Stemming the Tide of Counterfeits

May 1, 2015
Categories: Compliance, Counterfeit, Global Supply Chains, Intellectual Property, Intellectual Property Protection, Supply Chain

Next week more than 9,500 brand protection professionals from around the world will converge in San Diego for the 137th annual meeting of the International Trademark Association (INTA). As would be expected, the issue of counterfeiting will be a key topic of discussion.

At, we work with companies to address the issue of counterfeiting as part of a broader strategy to prevent intellectual property (IP) theft. One particular area of focus is helping companies work with supply chain partners to improve overall IP protection. Suppliers and other third parties are critical to addressing this issue – in some instances, they may be the source of counterfeits; in other cases, a supply chain partner may be using counterfeit parts from other suppliers. Helping supply chain companies integrate IP protection into operations across their enterprise can address both issues.

Consider this scenario:

The Challenge: A global manufacturer discovered a large authorized distributor at one of its locations without management’s involvement was selling 20% counterfeit goods under the manufacturer’s brand name. The fakes caused reputational and financial damage (lost sales plus replacement of faulty counterfeit goods).

This is a very tricky situation – the manufacturer did not want to hurt its relationship with its largest distributor or alarm the employees or the investor community. However, the company knew it had to do something to put a stop to the counterfeits.

The Solution: The manufacturer required that all key distributors implement management systems and tighten control to protect IP. The result? The manufacturer eliminated the problem of counterfeits from its major distributor while maintaining the business relationship. offers a practical, cost-effective and scalable way to help companies work with third party partners: CREATe Leading Practices for IP Protection. This three-step service takes a ‘measure and improve’ approach to help companies put IP protection management systems in place, much like in the scenario. These include elements such as policies, processes and procedures for managing IP; a cross-functional compliance team; supply chain management; physical and digital security; employee training; monitoring; and corrective actions. CREATe Leading Practices provides a collaborative way to gain insights into existing practices of supply chain partners; and provide a path for improving IP protection.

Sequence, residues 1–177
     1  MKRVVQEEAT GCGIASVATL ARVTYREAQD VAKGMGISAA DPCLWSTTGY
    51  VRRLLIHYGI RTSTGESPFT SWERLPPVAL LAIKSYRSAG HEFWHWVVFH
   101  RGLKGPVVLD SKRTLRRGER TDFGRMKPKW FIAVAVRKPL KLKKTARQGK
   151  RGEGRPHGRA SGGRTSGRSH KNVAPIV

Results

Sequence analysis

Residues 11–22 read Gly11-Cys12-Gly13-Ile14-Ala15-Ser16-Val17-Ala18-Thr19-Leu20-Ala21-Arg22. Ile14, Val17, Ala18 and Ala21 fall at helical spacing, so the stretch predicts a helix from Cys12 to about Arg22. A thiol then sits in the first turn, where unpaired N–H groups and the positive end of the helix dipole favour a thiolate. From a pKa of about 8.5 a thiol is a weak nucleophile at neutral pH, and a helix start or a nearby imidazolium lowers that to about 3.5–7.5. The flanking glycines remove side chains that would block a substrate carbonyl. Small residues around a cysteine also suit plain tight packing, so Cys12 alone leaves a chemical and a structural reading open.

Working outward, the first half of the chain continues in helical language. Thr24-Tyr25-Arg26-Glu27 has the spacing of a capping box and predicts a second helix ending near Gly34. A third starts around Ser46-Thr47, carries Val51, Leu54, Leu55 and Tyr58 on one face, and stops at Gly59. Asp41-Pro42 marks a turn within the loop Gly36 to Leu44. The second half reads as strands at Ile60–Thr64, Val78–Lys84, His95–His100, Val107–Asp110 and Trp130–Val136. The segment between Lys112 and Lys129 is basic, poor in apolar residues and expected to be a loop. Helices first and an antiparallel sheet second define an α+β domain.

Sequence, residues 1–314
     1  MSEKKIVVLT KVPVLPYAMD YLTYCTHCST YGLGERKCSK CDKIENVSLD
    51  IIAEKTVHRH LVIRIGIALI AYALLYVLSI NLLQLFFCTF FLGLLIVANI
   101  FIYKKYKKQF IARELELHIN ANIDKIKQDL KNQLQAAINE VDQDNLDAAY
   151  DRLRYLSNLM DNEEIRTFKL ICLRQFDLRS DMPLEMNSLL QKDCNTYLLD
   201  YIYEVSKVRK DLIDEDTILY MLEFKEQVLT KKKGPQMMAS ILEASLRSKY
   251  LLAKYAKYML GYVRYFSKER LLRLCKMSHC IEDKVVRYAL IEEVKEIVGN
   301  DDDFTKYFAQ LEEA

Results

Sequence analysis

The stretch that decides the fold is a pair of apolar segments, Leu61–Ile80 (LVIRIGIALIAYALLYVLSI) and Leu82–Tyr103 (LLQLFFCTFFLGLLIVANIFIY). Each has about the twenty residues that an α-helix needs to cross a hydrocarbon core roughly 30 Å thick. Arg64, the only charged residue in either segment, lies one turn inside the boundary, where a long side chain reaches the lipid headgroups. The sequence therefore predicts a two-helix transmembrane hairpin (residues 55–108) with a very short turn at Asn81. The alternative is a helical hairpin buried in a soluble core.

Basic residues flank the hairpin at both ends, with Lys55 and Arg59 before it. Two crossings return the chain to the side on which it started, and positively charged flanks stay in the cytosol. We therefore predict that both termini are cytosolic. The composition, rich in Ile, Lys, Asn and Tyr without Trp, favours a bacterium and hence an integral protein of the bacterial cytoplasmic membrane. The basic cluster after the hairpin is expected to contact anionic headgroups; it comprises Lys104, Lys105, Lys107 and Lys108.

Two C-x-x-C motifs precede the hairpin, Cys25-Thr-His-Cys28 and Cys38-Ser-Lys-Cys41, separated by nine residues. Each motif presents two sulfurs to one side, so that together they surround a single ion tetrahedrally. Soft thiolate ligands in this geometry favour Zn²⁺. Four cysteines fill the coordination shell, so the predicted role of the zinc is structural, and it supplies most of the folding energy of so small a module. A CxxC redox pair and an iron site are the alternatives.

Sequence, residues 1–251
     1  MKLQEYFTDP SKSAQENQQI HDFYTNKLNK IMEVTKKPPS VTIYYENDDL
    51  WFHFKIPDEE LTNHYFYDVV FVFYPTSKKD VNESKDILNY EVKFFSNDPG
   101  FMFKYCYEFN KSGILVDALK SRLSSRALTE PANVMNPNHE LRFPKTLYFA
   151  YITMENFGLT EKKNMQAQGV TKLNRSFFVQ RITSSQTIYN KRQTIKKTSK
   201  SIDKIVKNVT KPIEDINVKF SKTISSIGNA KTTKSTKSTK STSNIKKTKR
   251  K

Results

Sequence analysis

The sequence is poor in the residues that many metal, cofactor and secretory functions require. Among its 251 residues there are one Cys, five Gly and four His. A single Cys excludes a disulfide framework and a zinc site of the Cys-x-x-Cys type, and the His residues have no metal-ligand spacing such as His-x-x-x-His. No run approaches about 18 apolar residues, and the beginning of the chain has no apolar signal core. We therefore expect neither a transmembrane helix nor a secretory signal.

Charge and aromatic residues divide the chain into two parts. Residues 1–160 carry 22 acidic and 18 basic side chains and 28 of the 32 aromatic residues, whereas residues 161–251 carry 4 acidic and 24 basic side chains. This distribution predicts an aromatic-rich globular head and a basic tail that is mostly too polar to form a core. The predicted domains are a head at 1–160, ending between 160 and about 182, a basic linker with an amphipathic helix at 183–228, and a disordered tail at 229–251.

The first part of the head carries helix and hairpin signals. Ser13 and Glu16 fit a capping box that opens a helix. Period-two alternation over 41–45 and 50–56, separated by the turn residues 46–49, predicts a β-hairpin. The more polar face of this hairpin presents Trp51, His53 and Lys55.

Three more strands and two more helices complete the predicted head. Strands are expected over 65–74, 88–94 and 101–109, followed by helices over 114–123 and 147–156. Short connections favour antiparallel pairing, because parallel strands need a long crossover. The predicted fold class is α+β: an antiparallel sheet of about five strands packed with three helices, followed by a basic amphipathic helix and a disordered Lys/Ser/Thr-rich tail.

The CREATe Leading Practices service helps to address all types of IP theft. For counterfeits specifically, it helps guide development of ‘management systems’ around activities such as:

  • Implementing contract provisions that facilitate and improve oversight and require suppliers to have adequate controls in place as a condition of doing business. If necessary, this could include provisions relating to independent verification of controls, review of changes in sourcing or manufacturing processes, training provided to supplier employees, evaluations of subcontractors, and processes for conducting investigations once counterfeits are detected.
  • Calibrating supplier assessments according to the risk level: Risk criteria might include new manufacturing processes, changes in key management, the fact that the supplier produces critical or high-volume components, extensive use of subcontractors, deterioration in the supplier’s financial health, or downward quality trends in materials supplied.
  • Ensuring that supplier requirements flow down to subcontractors: Many supply-chain failures have been traced back to suppliers’ subcontractors or other entities even further upstream in the supply chain.
  • Developing procedures for reporting on and ensuring destruction of counterfeit parts: Suppliers should have policies in place and specific practices to confirm that scrapped, excess, or suspected counterfeit materials are not put back into circulation. Practices could include requiring suspect counterfeits to be quarantined upon detection; tracking the amount of scrapped material destroyed; contractually prohibiting subcontractors from reselling defective parts to third parties; or witnessing the destruction of seized or returned counterfeit parts.

It’s a win-win-win for companies to work with supply chain partners to improve IP protection and take steps to prevent counterfeits. Multinational companies can minimize the risks associated with faulty or fake products; supply chain partners can improve business operations for competitive advantage; and customers can enjoy better, safer products.

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 Related CREATe Resource:

Whitepaper: Health and Safety Risks of Counterfeits in the Supply Chain

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Media Contact: Email Anne Walker

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